We are a commune of inquiring, skeptical, politically centrist, capitalist, anglophile, traditionalist New England Yankee humans, humanoids, and animals with many interests beyond and above politics. Each of us has had a high-school education (or GED), but all had ADD so didn't pay attention very well, especially the dogs. Each one of us does "try my best to be just like I am," and none of us enjoys working for others, including for Maggie, from whom we receive neither a nickel nor a dime. Freedom from nags, cranks, government, do-gooders, control-freaks and idiots is all that we ask for.
“The American boy of 1854 stood closer to the year 1 than to the year 1900.” Soon, almost no one in America will have a visceral understanding of what 1854 was like, and what the heck Henry Adams was talking about.
A typical boy of 1854 knew what farming was like and may well have worked on a farm, knew horses and other animals, and learned how to maintain and fix things, from houses to wagons to furniture. A typical young man of 1947 had been in the army, knew people who lived on farms, could tune and maintain his own car, and could change the fan belt on the refrigerator and refill it with Freon. Both the boy and the young man had some feel for the technologies that were developing and changing around them, since the technologies were often sized on a human scale and involved mechanical processes that they had some acquaintance with.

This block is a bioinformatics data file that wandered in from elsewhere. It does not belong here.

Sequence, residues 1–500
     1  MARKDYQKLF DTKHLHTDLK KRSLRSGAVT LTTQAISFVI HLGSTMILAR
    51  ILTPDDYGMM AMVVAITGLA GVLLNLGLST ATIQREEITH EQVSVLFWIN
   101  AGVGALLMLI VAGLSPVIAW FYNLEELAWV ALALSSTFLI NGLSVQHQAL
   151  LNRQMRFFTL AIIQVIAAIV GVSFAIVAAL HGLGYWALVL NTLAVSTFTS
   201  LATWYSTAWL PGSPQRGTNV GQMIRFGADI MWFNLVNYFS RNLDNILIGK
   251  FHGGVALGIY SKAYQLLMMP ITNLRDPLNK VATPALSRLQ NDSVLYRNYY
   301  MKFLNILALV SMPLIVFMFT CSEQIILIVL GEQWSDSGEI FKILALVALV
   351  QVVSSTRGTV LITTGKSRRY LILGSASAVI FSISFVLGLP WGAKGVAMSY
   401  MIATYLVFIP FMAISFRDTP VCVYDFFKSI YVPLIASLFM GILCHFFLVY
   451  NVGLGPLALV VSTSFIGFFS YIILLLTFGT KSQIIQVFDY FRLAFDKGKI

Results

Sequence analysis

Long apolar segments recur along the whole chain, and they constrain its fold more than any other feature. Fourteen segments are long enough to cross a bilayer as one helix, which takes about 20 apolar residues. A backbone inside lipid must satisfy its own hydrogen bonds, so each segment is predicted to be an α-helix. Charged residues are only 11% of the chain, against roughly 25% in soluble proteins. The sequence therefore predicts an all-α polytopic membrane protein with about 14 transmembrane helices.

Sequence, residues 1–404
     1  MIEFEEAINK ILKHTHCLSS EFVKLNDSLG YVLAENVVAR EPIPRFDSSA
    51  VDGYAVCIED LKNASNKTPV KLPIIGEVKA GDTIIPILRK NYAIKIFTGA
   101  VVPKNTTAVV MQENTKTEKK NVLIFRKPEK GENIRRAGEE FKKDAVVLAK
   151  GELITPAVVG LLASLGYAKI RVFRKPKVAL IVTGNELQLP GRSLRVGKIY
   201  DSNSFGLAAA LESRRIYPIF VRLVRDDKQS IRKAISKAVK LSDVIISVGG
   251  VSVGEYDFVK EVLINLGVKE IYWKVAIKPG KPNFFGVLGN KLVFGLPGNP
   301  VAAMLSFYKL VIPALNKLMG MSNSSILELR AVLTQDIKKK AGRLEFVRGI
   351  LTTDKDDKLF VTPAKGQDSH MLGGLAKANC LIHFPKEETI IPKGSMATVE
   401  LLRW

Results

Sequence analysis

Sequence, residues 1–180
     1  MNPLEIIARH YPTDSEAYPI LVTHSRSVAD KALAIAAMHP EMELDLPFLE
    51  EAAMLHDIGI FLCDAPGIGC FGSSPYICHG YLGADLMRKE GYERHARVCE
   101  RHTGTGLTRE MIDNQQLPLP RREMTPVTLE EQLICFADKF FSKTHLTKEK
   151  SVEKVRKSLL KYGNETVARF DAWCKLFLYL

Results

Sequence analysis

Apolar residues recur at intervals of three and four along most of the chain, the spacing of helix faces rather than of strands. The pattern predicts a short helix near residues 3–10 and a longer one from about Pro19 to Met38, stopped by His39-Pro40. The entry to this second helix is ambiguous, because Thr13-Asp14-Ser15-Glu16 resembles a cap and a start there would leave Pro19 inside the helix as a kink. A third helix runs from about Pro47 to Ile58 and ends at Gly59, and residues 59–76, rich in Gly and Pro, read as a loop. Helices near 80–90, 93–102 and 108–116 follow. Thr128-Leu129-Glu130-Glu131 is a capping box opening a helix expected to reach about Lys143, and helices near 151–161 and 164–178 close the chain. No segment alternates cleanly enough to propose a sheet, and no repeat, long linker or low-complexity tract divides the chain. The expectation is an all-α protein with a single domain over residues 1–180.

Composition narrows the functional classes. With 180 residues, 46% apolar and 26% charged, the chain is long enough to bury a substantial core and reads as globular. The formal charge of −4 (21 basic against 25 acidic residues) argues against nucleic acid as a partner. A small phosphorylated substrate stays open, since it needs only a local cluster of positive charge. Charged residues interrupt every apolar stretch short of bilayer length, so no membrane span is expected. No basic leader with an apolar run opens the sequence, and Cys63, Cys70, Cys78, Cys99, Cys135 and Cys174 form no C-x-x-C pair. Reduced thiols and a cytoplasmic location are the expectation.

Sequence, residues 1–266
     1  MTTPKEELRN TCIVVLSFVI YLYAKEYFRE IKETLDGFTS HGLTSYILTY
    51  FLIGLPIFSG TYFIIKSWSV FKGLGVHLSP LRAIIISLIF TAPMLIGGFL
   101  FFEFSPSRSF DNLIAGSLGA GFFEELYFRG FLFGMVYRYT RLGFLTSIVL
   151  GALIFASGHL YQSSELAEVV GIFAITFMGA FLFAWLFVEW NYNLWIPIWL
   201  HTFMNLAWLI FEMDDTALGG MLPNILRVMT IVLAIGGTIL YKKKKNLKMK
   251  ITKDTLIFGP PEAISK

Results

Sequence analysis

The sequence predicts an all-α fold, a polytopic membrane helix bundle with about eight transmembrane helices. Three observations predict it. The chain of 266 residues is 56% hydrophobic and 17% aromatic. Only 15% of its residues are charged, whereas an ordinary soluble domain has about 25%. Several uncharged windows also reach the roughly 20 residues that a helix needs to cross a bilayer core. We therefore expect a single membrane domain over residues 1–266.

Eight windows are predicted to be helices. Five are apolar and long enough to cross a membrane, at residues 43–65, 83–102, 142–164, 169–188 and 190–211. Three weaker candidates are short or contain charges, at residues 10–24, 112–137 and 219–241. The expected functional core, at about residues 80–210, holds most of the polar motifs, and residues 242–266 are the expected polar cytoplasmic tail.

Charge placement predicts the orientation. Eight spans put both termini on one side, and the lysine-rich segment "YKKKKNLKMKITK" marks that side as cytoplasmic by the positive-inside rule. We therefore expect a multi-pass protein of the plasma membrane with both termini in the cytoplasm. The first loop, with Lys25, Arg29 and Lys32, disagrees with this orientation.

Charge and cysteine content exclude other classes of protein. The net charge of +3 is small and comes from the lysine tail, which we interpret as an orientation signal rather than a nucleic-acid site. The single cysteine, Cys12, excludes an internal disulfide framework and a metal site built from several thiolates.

To an important extent, this is no longer true. You can’t fix an iPod the way you can fix a record player; indeed you can’t even easily open up an iPod to understand it, as you could unscrew the turntable cover to figure out how 33 1/3 rpm became 45 rpm. Nor can you fool around with a Toyota Prius the same way you could try to replace a 283 with a 327 in a ‘57 Chevy.
Well, Barrister ... Not a typical, but not a particularly unusual girl of 1952 in America could, and did, reassemble the valve-in-head engine in her 1941 Chevy so it would run, after her dreamy, impractical artist husband had disassembled it so we could have the valves reground.,and then couldn't figure out how to reassemble it
Back then, we were close enough to the original invention of automobiles that, with the help of Motors Auto Repair Manual, I could figure out how to reassemble it well enough to make it work. Did have help [not from my artist husband] re-gapping and adjusting the spark plugs and fine-tuning the engine, from one of the engineers at the Electronic Computer Project in The Institute for Advanced Study where I worked at the time. The automobile and I separated a year later, but it ran quite well until then.
But I have no idea how to work on a modern car engine, and, at 80, no real ambition to know. Or an iPod either.
We get further and further away from our roots, don't we?